limp
Listen to an audio pronunciation
Listen to an audio pronunciation
Listen to an audio pronunciation
limp(
lihmp
)
An adjective is a word that describes a noun (e.g. the big dog).
1. (lacking vigor)
a. flojo (handshake)
A limp handshake hardly gives a good first impression.Un apretón de manos flojo no da una buena primera impresión.
b. lacio (hair)
Gone were her curls from the salon; now her hair was limp and wet.Se le habían ido los rizos de la peluquería, y ahora tenía el pelo mojado y lacio.
c. flácido (extremity)
She bumped her funny bone, and her whole arm went limp.Se golpeó el hueso de la risa y se le puso flácido todo el brazo.
d. sin fuerzas (person)
She fainted and fell limp on the floor.Se desmayó y se cayó sin fuerzas al suelo.
2. (culinary)
a. mustio
This escarole has gone limp. We'd better throw it out and buy more.Esta escarola está mustia. Mejor tirarla y comprar más.
3. (not rigid)
a. blando (book)
I decided to buy an inexpensive copy of the book in a limp binding.Decidí comprar un ejemplar económico del libro con tapa blanda.
An intransitive verb is one that does not require a direct object (e.g. The man sneezed.).
4. (to hobble)
a. cojear
He was still limping as it had only been two weeks since his surgery.Seguía cojeando porque solo hacía dos semanas de la cirugía.
b. renguear
Regionalism used in Latin America: all the countries in South America, Central America, and the Caribbean. Does not include Spain.
(Latin America)
She limped when she walked and leaned on a mahogany cane.Rengueaba al andar y se apoyaba en un bastón de caoba.
A noun is a word referring to a person, animal, place, thing, feeling or idea (e.g. man, dog, house).
5. (impairment)
a. la cojera
(f) means that a noun is feminine. Spanish nouns have a gender, which is either feminine (like la mujer or la luna) or masculine (like el hombre or el sol).
The killer was six-feet tall and had a limp.El asesino medía seis pies y tenía una cojera.
b. la renguera
(f) means that a noun is feminine. Spanish nouns have a gender, which is either feminine (like la mujer or la luna) or masculine (like el hombre or el sol).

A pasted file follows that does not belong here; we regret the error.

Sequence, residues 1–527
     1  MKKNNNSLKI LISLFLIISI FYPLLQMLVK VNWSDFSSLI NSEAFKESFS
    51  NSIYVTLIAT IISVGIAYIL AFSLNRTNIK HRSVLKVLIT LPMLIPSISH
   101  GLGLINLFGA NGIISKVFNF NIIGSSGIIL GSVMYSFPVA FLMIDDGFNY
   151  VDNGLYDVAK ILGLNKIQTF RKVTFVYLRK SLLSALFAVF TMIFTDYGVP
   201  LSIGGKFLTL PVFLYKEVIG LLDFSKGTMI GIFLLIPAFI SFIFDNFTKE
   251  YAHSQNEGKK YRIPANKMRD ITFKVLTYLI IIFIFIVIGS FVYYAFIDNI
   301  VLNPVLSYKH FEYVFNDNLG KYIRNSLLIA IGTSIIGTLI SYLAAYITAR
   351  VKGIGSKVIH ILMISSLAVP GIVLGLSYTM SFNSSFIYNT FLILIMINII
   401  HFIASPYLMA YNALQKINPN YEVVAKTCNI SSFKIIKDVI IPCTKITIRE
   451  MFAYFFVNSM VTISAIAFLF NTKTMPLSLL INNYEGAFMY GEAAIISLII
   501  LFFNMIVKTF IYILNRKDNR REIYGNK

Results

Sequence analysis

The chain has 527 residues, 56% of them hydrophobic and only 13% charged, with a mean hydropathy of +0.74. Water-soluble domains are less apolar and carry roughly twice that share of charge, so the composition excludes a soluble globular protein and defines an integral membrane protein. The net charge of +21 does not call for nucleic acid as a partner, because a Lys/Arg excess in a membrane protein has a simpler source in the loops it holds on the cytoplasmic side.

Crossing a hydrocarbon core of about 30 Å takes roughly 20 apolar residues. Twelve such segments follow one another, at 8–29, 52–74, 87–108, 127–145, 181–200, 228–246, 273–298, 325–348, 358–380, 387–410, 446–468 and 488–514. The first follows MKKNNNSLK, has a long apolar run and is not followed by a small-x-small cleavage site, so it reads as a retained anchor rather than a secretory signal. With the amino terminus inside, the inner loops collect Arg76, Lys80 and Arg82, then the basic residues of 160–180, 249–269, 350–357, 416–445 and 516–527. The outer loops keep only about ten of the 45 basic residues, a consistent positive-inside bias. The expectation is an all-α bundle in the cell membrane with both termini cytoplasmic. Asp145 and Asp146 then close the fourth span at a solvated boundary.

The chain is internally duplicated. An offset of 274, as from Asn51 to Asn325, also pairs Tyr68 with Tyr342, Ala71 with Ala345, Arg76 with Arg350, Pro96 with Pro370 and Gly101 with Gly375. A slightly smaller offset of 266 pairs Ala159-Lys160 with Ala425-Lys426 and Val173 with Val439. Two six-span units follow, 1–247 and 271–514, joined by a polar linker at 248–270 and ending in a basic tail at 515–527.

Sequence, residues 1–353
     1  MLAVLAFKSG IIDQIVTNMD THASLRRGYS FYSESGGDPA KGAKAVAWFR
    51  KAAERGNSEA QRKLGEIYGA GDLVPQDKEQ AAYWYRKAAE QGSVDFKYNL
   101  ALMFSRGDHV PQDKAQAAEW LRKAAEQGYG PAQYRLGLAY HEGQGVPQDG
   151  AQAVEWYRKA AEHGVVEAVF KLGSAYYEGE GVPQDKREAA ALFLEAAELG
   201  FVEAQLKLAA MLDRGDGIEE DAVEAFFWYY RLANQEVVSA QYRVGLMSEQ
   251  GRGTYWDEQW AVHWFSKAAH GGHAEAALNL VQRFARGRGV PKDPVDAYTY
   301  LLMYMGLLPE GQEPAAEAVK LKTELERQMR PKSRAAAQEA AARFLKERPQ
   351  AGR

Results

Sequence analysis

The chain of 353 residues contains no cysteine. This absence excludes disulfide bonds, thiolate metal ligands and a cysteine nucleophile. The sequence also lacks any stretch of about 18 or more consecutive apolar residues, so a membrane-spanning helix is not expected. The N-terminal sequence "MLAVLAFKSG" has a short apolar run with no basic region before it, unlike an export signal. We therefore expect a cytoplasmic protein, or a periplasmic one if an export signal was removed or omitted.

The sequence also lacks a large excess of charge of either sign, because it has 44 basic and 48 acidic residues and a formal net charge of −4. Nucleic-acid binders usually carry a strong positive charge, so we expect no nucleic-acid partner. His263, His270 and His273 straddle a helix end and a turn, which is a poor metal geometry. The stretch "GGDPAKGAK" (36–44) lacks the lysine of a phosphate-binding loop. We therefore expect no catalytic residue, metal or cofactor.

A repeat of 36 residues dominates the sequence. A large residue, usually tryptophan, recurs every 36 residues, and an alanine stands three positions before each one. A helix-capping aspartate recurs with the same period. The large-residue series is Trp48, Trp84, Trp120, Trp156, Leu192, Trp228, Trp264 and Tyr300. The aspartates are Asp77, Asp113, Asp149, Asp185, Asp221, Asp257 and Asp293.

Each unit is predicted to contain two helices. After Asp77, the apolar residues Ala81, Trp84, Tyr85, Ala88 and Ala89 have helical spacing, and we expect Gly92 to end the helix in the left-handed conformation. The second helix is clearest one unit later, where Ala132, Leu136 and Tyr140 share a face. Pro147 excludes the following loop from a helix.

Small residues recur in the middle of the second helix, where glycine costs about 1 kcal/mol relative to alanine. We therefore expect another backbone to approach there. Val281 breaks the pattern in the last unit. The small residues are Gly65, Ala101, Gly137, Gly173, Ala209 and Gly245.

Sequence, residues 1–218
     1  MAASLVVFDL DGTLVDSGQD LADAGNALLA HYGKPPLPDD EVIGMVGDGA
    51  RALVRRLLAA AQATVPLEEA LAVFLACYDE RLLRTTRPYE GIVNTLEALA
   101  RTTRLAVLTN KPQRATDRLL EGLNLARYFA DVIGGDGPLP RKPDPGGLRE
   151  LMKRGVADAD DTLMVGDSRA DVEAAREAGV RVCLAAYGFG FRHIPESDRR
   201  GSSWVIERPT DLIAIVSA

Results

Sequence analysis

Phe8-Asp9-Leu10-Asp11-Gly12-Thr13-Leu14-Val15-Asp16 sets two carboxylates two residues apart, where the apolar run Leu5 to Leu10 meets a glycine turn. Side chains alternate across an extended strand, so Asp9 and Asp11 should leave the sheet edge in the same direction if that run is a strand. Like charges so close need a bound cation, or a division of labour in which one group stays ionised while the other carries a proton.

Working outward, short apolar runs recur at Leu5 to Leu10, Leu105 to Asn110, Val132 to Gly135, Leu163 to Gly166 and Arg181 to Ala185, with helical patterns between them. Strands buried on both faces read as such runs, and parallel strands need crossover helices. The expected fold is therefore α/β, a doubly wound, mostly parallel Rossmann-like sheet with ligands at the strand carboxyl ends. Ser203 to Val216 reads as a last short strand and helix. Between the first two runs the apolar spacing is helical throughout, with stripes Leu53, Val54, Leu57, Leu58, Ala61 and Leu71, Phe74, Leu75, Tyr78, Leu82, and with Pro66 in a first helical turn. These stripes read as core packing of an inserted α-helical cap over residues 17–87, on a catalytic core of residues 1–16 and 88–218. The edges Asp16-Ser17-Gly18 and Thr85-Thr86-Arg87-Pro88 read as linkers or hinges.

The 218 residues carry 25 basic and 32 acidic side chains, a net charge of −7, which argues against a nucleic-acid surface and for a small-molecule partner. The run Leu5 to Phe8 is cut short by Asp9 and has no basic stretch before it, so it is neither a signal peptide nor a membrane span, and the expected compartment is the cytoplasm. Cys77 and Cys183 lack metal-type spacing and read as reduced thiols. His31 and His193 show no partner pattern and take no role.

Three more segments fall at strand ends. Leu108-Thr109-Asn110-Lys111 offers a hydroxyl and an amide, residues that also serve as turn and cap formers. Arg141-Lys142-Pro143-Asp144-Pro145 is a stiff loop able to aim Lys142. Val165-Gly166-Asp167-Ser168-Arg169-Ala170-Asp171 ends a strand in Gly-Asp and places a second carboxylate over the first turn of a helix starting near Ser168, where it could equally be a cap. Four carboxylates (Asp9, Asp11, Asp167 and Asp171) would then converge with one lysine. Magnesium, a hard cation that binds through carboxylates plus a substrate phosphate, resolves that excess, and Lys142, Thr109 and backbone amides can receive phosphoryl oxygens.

Regionalism used in Latin America: all the countries in South America, Central America, and the Caribbean. Does not include Spain.
(Latin America)
She's had a limp ever since the accident.Quedó con renguera desde que tuvo el accidente.
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limp
An adjective is a word that describes a noun (e.g. the big dog).
1. (handshake, body)
a. lánguido(a), flojo(a)
2. (lettuce)
a. mustio(a)
to go limprelajarse
Copyright © 2006 Harrap Publishers Limited
limp [lɪmp]
noun
cojera (f)
to walk with a limp cojear
intransitive verb
cojear; renguear; (LAm)
he limped to the door fue cojeando a la puerta; the ship managed to limp to port el buque llegó con dificultad al puerto
limp [lɪmp]
adjective
limper (comparative)limpest (superlative)
1 [+person, body] sin fuerzas; [+penis] flácido; [+hair] lacio; [+handshake] flojo
a piece of limp lettuce un trozo de lechuga mustia; she fell limp at their feet cayó sin fuerzas a sus pies; his arms hung limp los brazos le colgaban muertos or como si fueran de trapo; his body went limp se le fueron las fuerzas del cuerpo; she went limp in his arms se dejó caer en sus brazos
I felt limp all over Move your shoulders (keeping your arms and hands hanging limp) She waved a limp hand in the direction of the bookcase Her hand felt limp and damp He carried her limp body into the room Camilla was limp in Henry's arms A limp penis looks very unsexual, like a small, newborn animal asleep and rather vulnerable A residue can build up on the hair shaft, leaving the hair limp and dull looking ...his pale, limp hair She was told to reject applicants with limp handshakes
2 (unconvincing) [+excuse] pobre; poco convincente
That is a limp excuse
3 (soft) [+book binding] blando; flexible
...bound in contemporary limp vellum
Collins Complete Spanish Electronic Dictionary © HarperCollins Publishers 2011
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